Immigration Intoxication Insanity and Incarceration in British Guiana.pdf (2.12 MB)
Immigration, Intoxication, Insanity, and Incarceration in British Guiana
journal contributionposted on 2023-02-23, 11:36 authored by Deborah Toner, Estherine Adams, Kellie Moss
The transition from slavery to freedom in British Guiana was a gradual process, taking place through a period of apprenticeship for the formerly enslaved which came into effect in 1834. Emancipation produced a series of rapid challenges for the colonial state as it attempted to retain dominance over ex-slaves without the extensive coercive powers that had been allowed under slavery. The introduction of indentured labourers from 1835 further added to these complexities as workers from India, China, Portugal, and Africa generated significant flows of migrants to the region. In this post-emancipation period, the colonial state expanded its powers through the establishment of new laws and institutions of confinement to consolidate its control over an ethnically diverse population. This article interrogates the ways in which punishment and coercive techniques were part of both larger imperial calculations and broader political, economic, and cultural shifts in the colony.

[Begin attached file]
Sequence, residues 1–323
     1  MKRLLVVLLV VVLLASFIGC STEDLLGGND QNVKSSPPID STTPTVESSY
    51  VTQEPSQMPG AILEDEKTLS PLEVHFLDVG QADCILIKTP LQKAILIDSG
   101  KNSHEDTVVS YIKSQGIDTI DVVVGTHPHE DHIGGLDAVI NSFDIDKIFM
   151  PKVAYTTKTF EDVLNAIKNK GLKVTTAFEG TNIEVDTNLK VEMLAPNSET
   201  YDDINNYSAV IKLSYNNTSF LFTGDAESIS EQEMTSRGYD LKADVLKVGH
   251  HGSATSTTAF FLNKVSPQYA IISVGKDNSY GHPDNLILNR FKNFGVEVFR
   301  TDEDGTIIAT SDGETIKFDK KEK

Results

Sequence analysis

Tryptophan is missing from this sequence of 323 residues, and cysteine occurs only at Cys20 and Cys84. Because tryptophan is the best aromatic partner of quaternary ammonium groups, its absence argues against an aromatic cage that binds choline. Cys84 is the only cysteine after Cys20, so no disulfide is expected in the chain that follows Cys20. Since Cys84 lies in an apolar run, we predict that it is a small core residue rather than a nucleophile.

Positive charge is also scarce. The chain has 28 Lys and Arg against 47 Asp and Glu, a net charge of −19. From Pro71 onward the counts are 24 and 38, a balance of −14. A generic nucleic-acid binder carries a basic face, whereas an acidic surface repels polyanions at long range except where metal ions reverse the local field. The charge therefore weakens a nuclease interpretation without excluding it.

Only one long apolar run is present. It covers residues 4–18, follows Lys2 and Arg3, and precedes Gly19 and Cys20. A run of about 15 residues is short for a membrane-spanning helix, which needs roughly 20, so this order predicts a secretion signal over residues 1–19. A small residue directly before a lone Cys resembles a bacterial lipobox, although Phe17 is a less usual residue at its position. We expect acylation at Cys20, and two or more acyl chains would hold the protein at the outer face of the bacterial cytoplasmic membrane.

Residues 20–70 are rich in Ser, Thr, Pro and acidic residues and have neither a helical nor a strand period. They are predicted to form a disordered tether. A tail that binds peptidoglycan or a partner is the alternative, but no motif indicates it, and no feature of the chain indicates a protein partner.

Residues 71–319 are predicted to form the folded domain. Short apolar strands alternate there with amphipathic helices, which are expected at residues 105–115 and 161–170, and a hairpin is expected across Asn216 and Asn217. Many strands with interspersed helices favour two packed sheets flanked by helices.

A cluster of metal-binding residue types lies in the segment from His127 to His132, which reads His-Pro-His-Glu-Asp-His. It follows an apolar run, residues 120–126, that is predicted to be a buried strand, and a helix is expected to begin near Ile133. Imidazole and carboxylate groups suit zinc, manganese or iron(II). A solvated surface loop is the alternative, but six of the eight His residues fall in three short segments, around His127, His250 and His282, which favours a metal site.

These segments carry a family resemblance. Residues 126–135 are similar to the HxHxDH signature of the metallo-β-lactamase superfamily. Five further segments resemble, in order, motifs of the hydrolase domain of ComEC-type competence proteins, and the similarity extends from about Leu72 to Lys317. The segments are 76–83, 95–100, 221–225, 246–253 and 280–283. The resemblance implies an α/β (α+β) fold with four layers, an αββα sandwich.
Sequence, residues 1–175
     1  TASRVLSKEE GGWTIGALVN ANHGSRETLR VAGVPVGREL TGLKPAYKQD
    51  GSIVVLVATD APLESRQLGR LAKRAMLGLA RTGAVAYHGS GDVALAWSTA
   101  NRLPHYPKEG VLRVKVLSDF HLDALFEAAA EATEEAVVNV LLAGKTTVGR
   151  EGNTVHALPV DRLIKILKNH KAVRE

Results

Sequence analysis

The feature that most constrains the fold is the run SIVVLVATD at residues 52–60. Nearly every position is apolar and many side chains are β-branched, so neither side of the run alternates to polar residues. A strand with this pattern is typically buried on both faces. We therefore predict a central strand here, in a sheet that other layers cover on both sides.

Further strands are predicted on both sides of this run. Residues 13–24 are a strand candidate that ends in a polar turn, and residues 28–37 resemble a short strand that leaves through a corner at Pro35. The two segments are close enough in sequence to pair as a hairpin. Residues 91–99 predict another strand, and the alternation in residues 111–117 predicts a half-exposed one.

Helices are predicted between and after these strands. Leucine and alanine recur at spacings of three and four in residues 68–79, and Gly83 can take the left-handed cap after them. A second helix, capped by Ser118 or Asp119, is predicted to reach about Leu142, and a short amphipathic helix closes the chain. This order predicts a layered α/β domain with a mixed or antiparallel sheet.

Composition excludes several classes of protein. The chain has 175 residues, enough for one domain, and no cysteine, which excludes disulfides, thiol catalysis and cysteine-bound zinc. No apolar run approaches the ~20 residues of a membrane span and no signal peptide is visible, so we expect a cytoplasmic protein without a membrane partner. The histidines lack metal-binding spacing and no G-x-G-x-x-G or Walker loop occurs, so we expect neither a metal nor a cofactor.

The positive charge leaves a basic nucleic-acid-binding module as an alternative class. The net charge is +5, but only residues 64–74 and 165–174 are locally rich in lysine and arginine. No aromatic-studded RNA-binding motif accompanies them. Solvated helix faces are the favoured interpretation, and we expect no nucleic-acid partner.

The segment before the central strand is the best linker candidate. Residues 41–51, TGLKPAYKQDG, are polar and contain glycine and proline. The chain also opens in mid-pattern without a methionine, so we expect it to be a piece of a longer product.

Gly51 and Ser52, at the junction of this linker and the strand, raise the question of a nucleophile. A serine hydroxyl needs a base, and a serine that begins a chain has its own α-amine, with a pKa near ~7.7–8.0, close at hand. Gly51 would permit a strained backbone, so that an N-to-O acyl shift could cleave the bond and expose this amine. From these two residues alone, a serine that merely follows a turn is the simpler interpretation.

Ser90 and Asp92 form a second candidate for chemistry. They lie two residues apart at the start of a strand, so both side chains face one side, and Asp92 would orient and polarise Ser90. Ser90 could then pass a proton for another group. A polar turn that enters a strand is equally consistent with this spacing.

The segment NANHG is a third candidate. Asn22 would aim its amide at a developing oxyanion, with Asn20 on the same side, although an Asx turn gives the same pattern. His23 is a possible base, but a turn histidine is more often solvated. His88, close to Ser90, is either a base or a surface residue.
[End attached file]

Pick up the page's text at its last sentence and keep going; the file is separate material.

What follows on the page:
This paper is based on research conducted for the ESRC-funded project Mental Health, Neurological and Substance Abuse (MNS) Disorders in Guyana’s Jails: 1825 to the present day (award no. ES/S000569/1). This project is a collaboration between the University of Guyana and the University of Leicester, in partnership with the Guyana Prison Service.
CitationMoss, K., Adams, E. and Toner, D., 2022. Immigration, Intoxication, Insanity, and Incarceration in British Guiana. Slavery & Abolition, 43(4), pp.705-729.
Author affiliationSchool of History
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